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But soon trouble started again. This time, it came from the presiding elder, who was then in his sixties. When Prince Albert Williams would come every couple of months to visit the church in Marshall, he would corner Saundra in the tiny church office as she was preparing to preach. One day, he pushed her up against the desk, stuck his slimy tongue in her ear and kissed her. His breath reeked of liquor.
"I don't know how it's gonna get out, unless I tell it," he leered, making an obvious reference to the lurid sexual details she had shared.
She took that as a threat that she'd better comply with his demands or he would ruin her ministerial career. Sometimes he'd publicly repeat that sentence as he was introducing her to speak at events. The congregation would think he was referring to the word of God, but Saundra knew better. When she heard that phrase, it was a trigger. She would shake, get clammy and not hear another word he said until applause signaled it was time for her to speak.
It sickened her, but she sometimes let him paw and kiss her. She let him fondle and grope her or just do "whatever nasty he could get done" with the congregation filing in to hear her preach and sitting on pews just a few feet outside the thin office door. If she yelled at him or put up a struggle, the congregation might hear the altercation, and she didn't want the humiliating conflict to become public.
When Prince Albert Williams would come to the church to make his quarterly review and collect his salary, Saundra tried to avoid going into the office, where ministers usually pray and put on robes before a service. She would arrive late to meetings and do anything she could to avoid him.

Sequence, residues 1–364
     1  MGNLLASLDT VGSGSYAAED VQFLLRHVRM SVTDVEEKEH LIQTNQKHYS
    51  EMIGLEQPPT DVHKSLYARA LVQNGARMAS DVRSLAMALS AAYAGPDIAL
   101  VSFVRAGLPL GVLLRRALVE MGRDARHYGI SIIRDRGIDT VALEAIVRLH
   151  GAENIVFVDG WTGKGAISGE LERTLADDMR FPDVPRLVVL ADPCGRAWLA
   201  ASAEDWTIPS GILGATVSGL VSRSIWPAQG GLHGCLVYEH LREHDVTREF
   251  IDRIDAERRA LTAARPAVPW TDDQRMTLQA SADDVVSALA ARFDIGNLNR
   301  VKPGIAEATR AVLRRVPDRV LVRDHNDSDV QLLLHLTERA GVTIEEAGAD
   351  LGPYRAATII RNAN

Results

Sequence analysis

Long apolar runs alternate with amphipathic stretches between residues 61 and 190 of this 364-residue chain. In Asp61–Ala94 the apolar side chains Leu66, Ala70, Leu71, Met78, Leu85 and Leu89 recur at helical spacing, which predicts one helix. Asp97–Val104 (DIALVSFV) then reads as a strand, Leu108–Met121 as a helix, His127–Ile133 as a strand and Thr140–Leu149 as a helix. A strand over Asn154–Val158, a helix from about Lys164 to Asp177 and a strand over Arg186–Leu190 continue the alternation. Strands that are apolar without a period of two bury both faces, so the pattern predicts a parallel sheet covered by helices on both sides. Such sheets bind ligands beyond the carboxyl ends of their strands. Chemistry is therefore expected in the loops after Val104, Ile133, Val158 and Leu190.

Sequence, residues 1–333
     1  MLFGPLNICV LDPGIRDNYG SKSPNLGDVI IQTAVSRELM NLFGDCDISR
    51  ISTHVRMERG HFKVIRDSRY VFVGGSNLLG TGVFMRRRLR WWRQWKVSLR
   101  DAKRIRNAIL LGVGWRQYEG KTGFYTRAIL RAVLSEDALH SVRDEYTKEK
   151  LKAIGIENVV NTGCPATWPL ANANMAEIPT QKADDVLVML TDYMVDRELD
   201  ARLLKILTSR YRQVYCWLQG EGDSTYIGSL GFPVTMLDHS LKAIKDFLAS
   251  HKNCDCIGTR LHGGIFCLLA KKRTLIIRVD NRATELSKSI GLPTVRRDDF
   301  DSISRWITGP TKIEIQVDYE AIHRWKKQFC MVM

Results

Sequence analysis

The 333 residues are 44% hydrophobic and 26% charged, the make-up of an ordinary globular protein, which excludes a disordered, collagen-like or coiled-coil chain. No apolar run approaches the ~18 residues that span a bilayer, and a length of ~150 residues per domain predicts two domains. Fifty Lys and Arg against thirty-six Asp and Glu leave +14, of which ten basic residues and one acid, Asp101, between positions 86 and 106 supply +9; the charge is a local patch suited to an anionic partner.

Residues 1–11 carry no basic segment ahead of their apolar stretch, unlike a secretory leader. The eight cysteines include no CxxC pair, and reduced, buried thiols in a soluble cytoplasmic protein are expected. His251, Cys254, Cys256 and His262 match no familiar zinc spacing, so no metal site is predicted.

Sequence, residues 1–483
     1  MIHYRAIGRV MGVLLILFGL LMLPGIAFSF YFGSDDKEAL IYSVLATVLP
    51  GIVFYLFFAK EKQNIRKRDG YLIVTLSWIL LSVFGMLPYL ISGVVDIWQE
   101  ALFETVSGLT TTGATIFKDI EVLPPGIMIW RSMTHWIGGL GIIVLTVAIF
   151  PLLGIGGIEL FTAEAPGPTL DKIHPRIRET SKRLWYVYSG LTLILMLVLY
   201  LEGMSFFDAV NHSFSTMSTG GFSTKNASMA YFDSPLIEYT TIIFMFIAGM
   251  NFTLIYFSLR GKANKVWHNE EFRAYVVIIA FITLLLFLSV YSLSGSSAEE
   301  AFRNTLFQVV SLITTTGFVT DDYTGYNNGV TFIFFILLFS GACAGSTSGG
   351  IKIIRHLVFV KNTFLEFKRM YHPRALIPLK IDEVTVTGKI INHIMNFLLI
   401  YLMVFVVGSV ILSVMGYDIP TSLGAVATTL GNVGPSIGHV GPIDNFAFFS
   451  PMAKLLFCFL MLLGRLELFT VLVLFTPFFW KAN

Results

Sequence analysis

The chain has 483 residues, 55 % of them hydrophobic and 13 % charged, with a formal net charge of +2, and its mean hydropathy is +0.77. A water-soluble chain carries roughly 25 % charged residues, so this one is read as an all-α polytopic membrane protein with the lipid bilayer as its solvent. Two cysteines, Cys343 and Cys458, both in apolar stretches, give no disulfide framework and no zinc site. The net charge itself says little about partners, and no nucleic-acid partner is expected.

During the three years Saundra was in Marshall, the congregation grew to ninety members, and Prince Albert Williams appointed her to pastor the Mariah Walker AME Church in Kansas City. The church had no regular pastor, so Prince Albert Williams had been preaching there. Membership had dwindled to 23 people, and the church was dirty and in debt and had a pitiful choir of only four members. It needed a charismatic pastor who could grow the congregation and get the church in shape.
By 1993, the denomination's upper leadership had noticed Saundra and made her an ordained AME minister -- but only after other AME ministers groused because an unordained pastor had received a coveted metropolitan church post. The bishop in charge of the district -- Prince Albert Williams' boss -- examined and ordained Saundra himself.
Some members of the Mariah Walker congregation soon became dissatisfied with goings-on at the church. Yolanda Perry, who as church trustee dealt with bills, resented paying the church's share of Williams' salary and handing over special offerings when he complained about financial troubles, all while the church couldn't even scrape together money to fix the leaky roof and faulty electrical wiring. She didn't like Prince Albert Williams and remembers that he came off as being arrogant. "Every time he came around, we'd have to give him a little love -- you know, give him some money!" she says.